A Cook Inlet commercial fisherman thinks the Kenai River personal-use (PU), dipnet fishery is starting to look too much like a subsistence fishery, so he has petitioned the state Board of Fisheries to establish methods to further restrict the dipnet catch.
“The PU fishery was originally implemented to allow Alaska residents a ‘reasonable opportunity’ and a ‘realistic expectation’ to harvest salmon when abundant stocks are present,” Paul Shadura wrote in an agenda change request to the board. “The current language on low productivity years on Kenai River sockeye returns have (sic) given this user group a de-facto priority over other users on sockeye runs of less than 2.3 million.”
Alaska has a state law that mandates a priority for fish and wildlife harvested for subsistence use by state residents. But the Kenai fishery was changed from a subsistence fishery to a personal-use fishery in 1995 specifically to kill a priority.
The action came after the Alaska Legislature, pressured by commercial and sport fishing and hunting groups, passed legislation ordering “the Boards of Fish and Game to identify non-subsistence areas “where subsistence was not a principal part of the social or economic structure of the community,” according to an Alaska Department of Fish and Game history.
Catches in the PU dipnet fishery since 1995 have ranged from a low of 98,000 sockeye in 2000 to a high of 538,000 in 2011 when more than 2 million sockeye escaped the nets of commercial fishermen to make it to the mouth of the Kenai. Almost 1.6 million of those fish got past the dipnetters, too, and made it upriver to spawn.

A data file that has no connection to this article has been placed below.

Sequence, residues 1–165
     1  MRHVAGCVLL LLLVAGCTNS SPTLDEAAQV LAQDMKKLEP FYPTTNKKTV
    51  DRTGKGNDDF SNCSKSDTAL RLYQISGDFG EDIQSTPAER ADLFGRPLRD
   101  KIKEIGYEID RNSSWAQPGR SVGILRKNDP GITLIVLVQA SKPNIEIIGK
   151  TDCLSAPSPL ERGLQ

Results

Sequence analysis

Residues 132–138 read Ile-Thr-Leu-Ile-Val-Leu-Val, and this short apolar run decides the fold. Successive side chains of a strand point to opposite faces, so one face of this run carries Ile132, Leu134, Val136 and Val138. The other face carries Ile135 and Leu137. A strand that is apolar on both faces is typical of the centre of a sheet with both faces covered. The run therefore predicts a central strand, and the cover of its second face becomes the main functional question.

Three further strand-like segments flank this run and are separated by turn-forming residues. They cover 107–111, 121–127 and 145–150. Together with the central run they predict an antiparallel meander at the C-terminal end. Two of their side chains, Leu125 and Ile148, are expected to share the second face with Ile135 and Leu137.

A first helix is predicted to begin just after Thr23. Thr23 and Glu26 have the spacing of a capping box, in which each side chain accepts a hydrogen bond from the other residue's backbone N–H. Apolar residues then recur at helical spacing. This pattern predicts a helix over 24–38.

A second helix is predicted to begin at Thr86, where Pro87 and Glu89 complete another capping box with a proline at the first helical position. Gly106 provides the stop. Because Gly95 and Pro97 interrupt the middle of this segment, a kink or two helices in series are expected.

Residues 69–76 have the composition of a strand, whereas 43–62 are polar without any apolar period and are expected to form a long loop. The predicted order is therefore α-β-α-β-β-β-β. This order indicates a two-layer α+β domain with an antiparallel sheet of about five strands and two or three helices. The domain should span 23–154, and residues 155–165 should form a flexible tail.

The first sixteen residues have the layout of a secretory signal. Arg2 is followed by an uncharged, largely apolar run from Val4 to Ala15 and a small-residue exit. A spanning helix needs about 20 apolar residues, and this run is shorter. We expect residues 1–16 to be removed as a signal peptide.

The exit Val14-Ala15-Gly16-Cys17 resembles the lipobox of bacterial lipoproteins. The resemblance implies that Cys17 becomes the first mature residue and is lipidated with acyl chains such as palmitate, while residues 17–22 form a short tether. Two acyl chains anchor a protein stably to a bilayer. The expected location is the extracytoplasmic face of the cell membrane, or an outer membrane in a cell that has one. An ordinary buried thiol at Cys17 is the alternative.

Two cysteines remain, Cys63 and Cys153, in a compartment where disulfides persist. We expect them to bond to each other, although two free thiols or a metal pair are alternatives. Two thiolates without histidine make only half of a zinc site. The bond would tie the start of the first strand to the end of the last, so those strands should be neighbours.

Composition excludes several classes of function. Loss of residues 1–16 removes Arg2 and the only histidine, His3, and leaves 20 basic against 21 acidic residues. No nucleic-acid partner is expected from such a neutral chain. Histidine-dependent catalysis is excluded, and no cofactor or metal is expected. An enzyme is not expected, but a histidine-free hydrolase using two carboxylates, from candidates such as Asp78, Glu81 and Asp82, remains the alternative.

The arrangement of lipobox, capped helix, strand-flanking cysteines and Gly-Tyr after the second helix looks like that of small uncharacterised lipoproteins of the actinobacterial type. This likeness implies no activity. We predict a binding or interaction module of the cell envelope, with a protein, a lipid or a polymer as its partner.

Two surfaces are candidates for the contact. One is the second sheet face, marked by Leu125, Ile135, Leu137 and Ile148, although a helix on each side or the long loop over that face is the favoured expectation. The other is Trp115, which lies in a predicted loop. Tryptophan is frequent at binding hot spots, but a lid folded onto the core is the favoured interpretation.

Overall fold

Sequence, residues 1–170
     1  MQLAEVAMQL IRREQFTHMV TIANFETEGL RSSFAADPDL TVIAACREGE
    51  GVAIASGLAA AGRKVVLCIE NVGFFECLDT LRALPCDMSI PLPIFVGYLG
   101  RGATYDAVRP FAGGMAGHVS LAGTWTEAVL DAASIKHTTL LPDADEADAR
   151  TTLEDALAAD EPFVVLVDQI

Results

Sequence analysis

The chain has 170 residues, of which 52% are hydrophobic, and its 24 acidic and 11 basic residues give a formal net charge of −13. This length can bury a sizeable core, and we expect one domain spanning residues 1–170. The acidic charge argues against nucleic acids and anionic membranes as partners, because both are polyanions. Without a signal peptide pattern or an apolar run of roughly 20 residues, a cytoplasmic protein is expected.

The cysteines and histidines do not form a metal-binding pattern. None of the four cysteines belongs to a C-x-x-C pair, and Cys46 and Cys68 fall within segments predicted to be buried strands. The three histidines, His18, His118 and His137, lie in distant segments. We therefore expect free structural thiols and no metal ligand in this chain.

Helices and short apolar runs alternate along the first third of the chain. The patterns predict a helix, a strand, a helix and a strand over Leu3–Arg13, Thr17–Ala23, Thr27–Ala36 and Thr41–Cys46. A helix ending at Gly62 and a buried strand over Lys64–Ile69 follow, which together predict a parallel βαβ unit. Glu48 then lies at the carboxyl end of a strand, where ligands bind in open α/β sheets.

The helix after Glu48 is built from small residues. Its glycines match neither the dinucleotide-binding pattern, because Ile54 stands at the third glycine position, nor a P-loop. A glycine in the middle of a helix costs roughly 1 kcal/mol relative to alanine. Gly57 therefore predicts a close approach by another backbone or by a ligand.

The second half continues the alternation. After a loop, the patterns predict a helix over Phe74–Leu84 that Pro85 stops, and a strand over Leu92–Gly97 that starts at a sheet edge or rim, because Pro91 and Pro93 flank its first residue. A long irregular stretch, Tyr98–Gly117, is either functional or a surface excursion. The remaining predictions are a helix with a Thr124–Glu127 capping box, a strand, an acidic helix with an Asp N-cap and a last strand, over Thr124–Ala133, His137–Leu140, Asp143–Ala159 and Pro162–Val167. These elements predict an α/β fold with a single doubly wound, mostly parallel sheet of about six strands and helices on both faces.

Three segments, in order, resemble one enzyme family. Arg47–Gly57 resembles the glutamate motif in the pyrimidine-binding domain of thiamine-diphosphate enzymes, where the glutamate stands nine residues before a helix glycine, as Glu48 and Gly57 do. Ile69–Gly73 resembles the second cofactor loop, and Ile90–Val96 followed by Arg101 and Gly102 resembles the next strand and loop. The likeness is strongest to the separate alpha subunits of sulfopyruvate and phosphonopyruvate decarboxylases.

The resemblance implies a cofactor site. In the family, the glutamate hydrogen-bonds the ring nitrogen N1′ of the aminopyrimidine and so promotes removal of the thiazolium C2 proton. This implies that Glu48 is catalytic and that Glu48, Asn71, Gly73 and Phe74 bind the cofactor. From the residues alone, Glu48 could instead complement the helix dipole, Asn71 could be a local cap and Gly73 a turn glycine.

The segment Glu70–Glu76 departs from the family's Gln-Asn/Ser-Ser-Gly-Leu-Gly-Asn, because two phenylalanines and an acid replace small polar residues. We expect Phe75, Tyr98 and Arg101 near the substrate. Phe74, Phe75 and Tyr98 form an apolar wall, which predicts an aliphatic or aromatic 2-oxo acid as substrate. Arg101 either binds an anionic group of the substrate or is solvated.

Dipnet catches have since declined. In recent years, they have been in the range of 260,000 to 380,000 fish per year. The five-year average through 2017 is 332,000.
But the fishery still attracts a small mob of Alaskans hoping to fill their freezers for the winter. Thirty-thousand to 35,000 people annually pick up permits to fish, and 20,000 to 28,000 report fishing.
2018 season fallout
Shadura is a second alternate to the board of directors of the Kenai Peninsula Fishermen’s Association, a group that represents commercial setnet fishermen. Inlet setnetters had a miserable season as did all commercial fishermen with the return of sockeye to the Kenai faltering this year.
The season-long, commercial harvest of 815,000 sockeye fell short of half of Fish and Game’s preseason forecast of a catch of 1.9 million, and more than 80 percent of the fish were caught by about 400 fishermen in the commercial, driftnet fleet.
Commercial fisheries were subsequently shut down, but the 17-hour per day dipnet fishery in the lower Kenai was allowed to continue. That angered commercial fishermen who didn’t think it was fair that dipnetters with their five-foot-wide dipnets should be allowed to fish while commercial fishermen with their 210-foot long gillnets were forced to the beach.
The dipnet catch for the year has not been totaled yet, but state biologists are expecting a harvest below 150,000. The last time the Kenai witnessed a return like 2018 was in 2006, and dipnetters caught only 128,000 fish.
The dipnet fishery is what fisheries managers call “density dependent.” When the river is plugged with salmon, dipnetters can catch a lot of fish, but they don’t do well when only small numbers of salmon enter the Kenai